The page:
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Questions to do with crankshaft of an engine

  1. Dec 22, 2014 #1
    1. The problem statement, all variables and given/known data
    A cylinder in a truck engine are shown in
    Figure Q8.1 below. The piston slides without friction in the cylinder of diameter
    150 mm. The combustion chamber is subjected to an internal pressure of
    50 bar gauge as a result of fuel combustion without any leakage past the piston.
    The connecting rod AB has a length of 200 mm. It is linked to the piston at A
    and to the crank-shaft at B. The crank-shaft OB has a revolution radius of
    75 mm

    1 - Calculate the resulting instantaneous force on the piston if downward force is 80kN about the crankshaft axis of rotation O..
    2 - Calculate the angle OAB.
    3 - Calculate the projection of the force transmitted by the piston to connecting rod AB.
    4 - Isolate crank pin OB and calculate the moment resulting from the force transmitted by connecting rod AB.
    Consider an anti-clockwise rotation as positive.
    5 - Calculate the rotational velocity of the engine crankshaft if engine is running at 1500rpm.
    6 - What is the crankshaft power output of a 6 cylinder engine at this running
    condition if the average torque produced on the crankshaft at a certain
    engine load in one cylinder at 1500 rpm is 170 Nm? piston.png Please find diagram below.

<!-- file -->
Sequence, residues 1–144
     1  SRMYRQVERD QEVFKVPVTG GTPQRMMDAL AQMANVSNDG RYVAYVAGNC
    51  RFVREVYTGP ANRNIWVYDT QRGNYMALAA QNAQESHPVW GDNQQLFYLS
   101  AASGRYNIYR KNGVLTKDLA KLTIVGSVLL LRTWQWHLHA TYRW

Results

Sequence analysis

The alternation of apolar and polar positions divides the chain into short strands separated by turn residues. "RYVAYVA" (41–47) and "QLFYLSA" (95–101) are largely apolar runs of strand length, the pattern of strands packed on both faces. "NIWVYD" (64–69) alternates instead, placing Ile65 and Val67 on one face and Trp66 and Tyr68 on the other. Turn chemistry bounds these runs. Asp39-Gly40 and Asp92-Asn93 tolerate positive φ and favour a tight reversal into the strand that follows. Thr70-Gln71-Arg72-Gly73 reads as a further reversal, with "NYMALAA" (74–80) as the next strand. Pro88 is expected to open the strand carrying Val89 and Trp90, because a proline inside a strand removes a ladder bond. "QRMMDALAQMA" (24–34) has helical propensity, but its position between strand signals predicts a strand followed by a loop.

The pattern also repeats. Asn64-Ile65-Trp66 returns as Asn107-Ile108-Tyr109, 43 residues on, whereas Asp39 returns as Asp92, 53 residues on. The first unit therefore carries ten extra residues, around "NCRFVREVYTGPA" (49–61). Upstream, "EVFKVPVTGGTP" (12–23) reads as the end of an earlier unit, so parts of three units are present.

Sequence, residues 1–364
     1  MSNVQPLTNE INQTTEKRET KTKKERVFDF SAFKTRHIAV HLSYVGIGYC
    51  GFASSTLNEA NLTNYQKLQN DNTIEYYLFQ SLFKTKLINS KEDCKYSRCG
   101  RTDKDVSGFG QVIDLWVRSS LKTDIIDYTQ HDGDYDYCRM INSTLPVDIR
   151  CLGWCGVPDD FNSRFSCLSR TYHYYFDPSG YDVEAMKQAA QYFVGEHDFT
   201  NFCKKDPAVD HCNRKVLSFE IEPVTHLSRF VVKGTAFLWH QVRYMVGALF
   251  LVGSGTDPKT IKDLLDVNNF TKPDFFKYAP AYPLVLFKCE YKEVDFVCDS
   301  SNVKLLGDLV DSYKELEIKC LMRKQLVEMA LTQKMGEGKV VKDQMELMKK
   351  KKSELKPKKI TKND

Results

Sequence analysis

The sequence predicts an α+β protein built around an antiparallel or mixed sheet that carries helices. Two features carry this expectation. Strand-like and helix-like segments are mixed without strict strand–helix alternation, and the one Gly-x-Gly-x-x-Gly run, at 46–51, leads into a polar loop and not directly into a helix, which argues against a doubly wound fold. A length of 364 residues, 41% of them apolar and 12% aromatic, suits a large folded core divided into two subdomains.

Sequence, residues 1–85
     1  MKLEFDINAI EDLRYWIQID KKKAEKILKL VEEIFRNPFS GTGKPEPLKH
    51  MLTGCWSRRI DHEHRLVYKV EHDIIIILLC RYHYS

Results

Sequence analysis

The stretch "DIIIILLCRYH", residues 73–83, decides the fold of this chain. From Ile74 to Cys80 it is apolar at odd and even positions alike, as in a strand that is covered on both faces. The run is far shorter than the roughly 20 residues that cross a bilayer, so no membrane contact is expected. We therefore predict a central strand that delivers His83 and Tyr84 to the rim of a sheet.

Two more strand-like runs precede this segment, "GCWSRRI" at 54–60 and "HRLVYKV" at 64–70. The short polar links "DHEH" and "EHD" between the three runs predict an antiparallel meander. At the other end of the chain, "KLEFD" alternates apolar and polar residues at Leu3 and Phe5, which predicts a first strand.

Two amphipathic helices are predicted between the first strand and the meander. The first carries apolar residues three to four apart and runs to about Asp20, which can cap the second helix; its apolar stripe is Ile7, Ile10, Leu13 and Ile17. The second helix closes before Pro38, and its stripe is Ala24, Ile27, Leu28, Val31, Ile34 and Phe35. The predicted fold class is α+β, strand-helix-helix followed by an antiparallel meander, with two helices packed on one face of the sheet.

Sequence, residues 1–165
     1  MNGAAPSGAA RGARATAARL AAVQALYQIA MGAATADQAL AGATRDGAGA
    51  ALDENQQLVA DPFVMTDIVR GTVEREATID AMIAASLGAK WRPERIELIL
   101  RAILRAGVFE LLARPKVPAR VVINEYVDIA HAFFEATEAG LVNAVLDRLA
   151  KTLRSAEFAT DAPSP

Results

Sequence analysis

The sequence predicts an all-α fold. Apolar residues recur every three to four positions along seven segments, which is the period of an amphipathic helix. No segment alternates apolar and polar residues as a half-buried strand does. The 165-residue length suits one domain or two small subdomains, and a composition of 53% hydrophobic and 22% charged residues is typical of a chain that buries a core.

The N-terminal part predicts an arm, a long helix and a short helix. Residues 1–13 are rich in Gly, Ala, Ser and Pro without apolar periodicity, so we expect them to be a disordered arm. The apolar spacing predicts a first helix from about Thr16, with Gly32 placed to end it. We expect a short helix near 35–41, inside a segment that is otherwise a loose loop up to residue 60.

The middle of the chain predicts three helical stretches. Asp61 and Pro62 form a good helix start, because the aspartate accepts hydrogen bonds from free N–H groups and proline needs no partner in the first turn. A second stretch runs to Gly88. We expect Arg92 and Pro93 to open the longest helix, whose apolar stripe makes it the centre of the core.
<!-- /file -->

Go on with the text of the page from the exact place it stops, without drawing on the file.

2. Relevant equations


    3. The attempt at a solution
    Are these answers right?

    1 - 50BAR = 5,000,000Pa, P=F/A so F=PA.
    A = pi r^2, r= 0.075 so area = 0.01767m^2.
    F=5,000,000 x 0.01767 = 88350N

    2 - Length AB = 0.2m OB= 0.075m
    therefore OAB= sin (0.075/0.2) = 22.02 degrees.

    3 - Projection of force, 80,000 = adjacent, therefore Force on AB = 80,000/cos(22) = 86,282.8N

    4 - Moment on OB from AB = 80,000 x 0.075 = 6000Nm as only vertical force of 80,000N can act on OB?

    5 - Rotational velocity = 2pi x f.
    1500rpm = 25Hz, therefore Rotational velocity = 2pi x 25 = 157.08 rad/s

    6 - Torque = 170Nm, Power = Work/time
    Work = 170 x 1500 x 6 = 1,530,000N for all 6 cylinders per minute
    Power = 1,530,000/ 60 seconds = 25,500W

    Thank you, I hope these are mostly right. I'm not sure about last one.
     
    Last edited by a moderator: Dec 22, 2014
  2. jcsd
  3. Dec 22, 2014 #2

    CWatters

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    Your answer for 1) seems ok but appears to ignore the bit I've underlined below.

    What does that bit mean anyway? What exactly is a "downward force about a crankshaft axis of rotation" ? Is that the exact wording?
     
  4. Dec 22, 2014 #3
    Hi,
    This was the exact working from the test: